Rather than Japan or food (I'll get to those next time, promise!), this is about learning a new programming language: Clojure, a functional programming language and dialect of Lisp.
The first time I started off learning Clojure, I was alternately going through Structure and Interpretation of Computer Programs (SICP), which is one of the most famous books out there on functional programming, and O'Reilly's Clojure Programming.
SICP starts with the absolute basics, which is where you start to realize how incredible Lispy languages really are (and functional programming in general, but the examples are in Scheme, a Lisp dialect). It very quickly goes from "yeah, I get it, that's what a variable is" to "holy crap, they did something amazing with almost no code, and I freaking get it!" That last part is where the book is excellent; it's both mind-blowing and accessible, provided you have some basis in programming.
The O'Reilly book was also extremely good, and obviously more about the language than the paradigm (though every intro or text on a functional language I've seen has at least some discussion of it, since for most programmers it's pretty foreign).
Unfortunately, when I moved to Japan, I was very limited in what I could bring, and books almost entirely failed to make the cut, being just too heavy to be realistic. So both of those gems are sitting back in Minnesota in a storage locker; I'm hoping to liberate them when I'm in the US for vacation -- or permanently if my visa doesn't work out -- but that's not until the end of the year, and damnit, instant gratification!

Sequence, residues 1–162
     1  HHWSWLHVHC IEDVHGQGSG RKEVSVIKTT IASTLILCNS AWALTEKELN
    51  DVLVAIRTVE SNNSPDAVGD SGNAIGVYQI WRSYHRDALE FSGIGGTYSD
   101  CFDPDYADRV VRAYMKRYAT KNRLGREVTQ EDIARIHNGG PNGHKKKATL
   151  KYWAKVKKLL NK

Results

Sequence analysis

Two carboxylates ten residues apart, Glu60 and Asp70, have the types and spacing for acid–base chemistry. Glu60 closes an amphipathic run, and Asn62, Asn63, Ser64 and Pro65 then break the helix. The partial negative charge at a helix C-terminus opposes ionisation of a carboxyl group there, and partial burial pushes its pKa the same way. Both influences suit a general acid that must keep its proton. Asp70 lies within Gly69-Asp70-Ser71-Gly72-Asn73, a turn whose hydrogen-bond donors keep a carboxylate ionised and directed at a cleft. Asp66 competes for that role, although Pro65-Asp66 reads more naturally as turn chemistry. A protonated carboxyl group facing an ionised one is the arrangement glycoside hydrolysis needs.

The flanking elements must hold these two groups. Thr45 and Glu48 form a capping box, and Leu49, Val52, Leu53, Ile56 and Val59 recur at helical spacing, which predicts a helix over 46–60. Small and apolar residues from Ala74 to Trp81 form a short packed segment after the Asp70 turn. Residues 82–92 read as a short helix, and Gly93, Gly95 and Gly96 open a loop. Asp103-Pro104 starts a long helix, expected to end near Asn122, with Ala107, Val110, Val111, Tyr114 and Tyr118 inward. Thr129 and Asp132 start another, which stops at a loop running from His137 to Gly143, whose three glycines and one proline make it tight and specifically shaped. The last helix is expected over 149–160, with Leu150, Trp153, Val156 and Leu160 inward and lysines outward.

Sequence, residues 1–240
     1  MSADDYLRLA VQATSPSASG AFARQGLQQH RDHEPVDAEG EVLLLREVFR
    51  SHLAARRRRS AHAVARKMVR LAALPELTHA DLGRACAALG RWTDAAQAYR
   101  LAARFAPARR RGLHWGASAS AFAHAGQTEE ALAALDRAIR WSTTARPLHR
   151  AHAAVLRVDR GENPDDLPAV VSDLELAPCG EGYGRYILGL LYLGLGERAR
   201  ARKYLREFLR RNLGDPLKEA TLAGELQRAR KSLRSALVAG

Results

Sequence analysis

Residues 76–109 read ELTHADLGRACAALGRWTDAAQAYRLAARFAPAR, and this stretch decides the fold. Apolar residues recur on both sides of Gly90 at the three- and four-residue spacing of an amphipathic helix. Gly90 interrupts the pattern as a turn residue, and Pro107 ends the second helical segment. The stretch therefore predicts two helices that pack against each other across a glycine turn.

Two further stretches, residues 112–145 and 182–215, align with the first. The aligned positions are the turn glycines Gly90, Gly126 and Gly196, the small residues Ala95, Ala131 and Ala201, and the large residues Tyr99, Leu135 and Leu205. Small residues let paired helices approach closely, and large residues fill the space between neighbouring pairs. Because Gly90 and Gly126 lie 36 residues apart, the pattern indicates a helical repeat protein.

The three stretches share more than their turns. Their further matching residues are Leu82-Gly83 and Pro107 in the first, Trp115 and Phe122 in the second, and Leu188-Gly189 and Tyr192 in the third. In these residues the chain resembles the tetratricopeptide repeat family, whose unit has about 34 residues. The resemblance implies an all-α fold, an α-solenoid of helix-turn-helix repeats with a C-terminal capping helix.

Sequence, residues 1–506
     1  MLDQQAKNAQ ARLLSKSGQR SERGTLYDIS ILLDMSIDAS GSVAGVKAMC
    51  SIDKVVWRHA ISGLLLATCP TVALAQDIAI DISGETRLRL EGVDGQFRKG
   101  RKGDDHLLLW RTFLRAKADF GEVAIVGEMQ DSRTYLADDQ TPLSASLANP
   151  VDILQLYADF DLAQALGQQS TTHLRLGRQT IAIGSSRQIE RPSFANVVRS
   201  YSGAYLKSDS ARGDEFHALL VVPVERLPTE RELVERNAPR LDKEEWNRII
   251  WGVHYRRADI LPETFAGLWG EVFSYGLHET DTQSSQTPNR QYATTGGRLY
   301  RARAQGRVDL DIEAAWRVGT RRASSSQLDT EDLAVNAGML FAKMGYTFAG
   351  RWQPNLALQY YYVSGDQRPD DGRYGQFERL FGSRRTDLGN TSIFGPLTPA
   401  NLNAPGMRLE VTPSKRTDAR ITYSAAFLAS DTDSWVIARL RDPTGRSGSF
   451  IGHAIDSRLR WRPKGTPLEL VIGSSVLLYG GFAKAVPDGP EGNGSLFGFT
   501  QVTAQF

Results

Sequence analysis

Fortunately, a while back, I found Daniel Higginbotham's Clojure for the Brave and True, a thorough introduction to Clojure, the functional programming paradigm, and even emacs, a geek-revered text editor (among other things) that's the de facto choice for building programs in this particular language.
Right off the bat, it's hilarious. Example code includes such things as cataloging vampires and their human/animal blood consumption, determining which part of a hobbit's body will be wounded given a random attack, and dealing with international cheese thieves. The oddball humor is worked into the material so well that it really helps engage the reader; I'm interested in learning Clojure and have been for a long time, but when I've already been working all day and want little more than to sit back, watch a movie, and vegetate, it's very helpful to actually look forward to this kind of thing as part of what could feel more like a chore given less entertaining material.
The introduction to emacs is only one chapter, but covers enough important functionality that it goes from sort of a "what, how does this crap even work" to "oh wow... oh... oh wow" pretty quickly. It hasn't yet replaced my more mundane text editor for everyday work, but I think it likely will as I spend more time with it.
So far I'm only two days in, so hopefully this attempt doesn't sputter out like the last, but at this point I (hopefully) have the advantage of not having to move to the other side of the world while also trying to learn a completely different kind of programming.